So, How About That Steak?

 Flank Steak with Tequila Lime Marinade and Chipotle Lime Cream

Photo by Lorelle Del Matto

 Eyeing the beef tenderloin on the menu of The Barking Frog, a Woodinville, Washington restaurant where we were celebrating my birthday, my daughter asked, “Is an 8-ounce portion a lot of meat?”  

My husband said that it was a good, generous portion.  I explained that for “everyday eating” dietitians and other health professionals recommend a meat serving size of 3-ounces cooked, which looks like a deck of cards or the palm or your hand.

 Most of us have heard the cry to limit intake of red meat (beef, lamb and pork) for better health.  (See below, Why Limit Red Meat?) I don’t worry about it for my family because we don’t eat a lot of meat. When we do, we thoroughly enjoy it. 

 My favorite cut of beef is the tenderloin but the price keeps me from indulging often. In summer I prefer flank steak, because takes so readily to marinades and cooks in a flash on the grill. Thinly sliced against the grain, and served with a variety of side dishes, a serving of 3 ounces is just right.  At least once a year I prepare this Tequila Lime Marinade, made by whirling all marinade ingredients in a blender.    

 I accompany it with whole grain corn and wheat tortillas, shredded reduced-fat cheese, and beans cooked with beer, tomatoes, onion, garlic, ground chilies and cumin.  Instead of salad (shown in my photo) try crunchy shredded cabbage tossed with thinly sliced green onion, lime juice and a little olive oil.  Lime Chipotle Cream (recipe follows) is a favorite accompaniment to burrito and taco meals. 

 Key nutrients in lean beef include protein, zinc, iron, selenium, B6, B12 and choline.  (Lean is defined by the government as under 10 grams of total fat and 4.5 or less grams of saturated fat and under 95 grams of cholesterol per 100 grams or about 3 ½ ounces.)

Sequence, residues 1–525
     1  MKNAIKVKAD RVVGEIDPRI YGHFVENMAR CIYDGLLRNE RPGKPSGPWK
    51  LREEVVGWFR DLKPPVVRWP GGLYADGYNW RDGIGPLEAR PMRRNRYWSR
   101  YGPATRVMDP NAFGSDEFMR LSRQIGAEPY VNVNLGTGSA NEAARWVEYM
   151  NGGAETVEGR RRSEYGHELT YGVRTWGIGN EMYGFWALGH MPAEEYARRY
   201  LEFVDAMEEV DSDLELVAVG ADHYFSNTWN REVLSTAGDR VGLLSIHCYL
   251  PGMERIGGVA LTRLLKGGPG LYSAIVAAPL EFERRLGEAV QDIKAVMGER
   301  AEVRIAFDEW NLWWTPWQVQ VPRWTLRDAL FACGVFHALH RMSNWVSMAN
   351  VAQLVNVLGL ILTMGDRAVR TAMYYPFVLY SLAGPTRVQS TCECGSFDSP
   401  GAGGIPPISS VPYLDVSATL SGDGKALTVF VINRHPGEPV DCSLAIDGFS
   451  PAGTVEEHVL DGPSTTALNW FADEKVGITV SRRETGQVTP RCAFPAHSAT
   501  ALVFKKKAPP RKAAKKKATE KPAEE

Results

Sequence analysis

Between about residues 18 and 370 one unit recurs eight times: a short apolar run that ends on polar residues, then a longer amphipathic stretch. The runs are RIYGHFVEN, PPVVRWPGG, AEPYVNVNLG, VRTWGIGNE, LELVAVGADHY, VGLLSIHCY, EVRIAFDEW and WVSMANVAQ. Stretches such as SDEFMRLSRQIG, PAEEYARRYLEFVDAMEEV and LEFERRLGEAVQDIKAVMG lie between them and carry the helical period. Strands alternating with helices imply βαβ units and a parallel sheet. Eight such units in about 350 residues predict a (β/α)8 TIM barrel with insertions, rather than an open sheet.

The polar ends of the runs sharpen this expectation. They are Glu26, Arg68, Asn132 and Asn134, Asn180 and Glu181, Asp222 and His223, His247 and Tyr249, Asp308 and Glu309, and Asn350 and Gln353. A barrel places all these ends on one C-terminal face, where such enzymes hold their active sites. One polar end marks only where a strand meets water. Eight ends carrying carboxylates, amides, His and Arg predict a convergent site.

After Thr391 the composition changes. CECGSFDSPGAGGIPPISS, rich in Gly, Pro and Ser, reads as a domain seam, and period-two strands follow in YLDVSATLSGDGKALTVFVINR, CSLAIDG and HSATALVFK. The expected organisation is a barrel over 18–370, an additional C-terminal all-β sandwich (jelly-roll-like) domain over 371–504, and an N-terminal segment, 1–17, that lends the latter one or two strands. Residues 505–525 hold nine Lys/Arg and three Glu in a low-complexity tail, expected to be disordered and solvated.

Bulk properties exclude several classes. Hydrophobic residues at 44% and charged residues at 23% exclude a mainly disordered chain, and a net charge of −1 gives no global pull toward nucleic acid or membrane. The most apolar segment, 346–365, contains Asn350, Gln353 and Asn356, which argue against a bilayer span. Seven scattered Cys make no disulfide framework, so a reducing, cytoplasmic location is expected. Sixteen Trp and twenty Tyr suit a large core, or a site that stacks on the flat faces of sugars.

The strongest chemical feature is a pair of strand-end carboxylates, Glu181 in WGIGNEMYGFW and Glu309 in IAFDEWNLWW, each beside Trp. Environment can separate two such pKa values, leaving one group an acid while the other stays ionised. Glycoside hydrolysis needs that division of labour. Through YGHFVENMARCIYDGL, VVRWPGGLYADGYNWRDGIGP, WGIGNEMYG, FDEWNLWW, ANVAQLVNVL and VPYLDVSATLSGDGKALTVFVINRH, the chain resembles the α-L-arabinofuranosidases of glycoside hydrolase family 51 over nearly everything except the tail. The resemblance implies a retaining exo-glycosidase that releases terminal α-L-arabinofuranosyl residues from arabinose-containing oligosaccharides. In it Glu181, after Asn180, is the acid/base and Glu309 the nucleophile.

Here’s a chart  showing the fat and nutrient content of different cuts of beef with comparisons to chicken, pork and seafood. 

 There’s more to picking out beef than getting the right cut.  The diet cattle are fed impacts the flavor and nutrient profile.  For example, grass increases the omega-3 fatty acids.  Here is another chart defining grain-finished, grass-finished, naturally-raised and certified organic beef and the nutritional differences.    

Why Limit Red Meat?  According to the American Institute for Cancer Research AICR, red meat has substances linked to colorectal cancer.  They recommend one consume no more than 18 ounces of cooked red meat per week and avoid processed meat such as ham, bacon, salami, hot dogs and sausages.  Processed meat, preserved by smoking, curing or salting, or by the addition of preservatives, can cause carcinogens to form and lead to the development of cancer. Another factor in the meat-cancer connection is that people who eat lots of red meat tend to eat fewer plant-based foods which can protect against cancer.  Learn more on the AICR website. Cooking meat at high temperatures can also cause the formation of cancer-causing substances, however marinating meat, even for just 30 minutes, can mitigate their formation. AICR has more information and tips for healthier grilling on this Press Release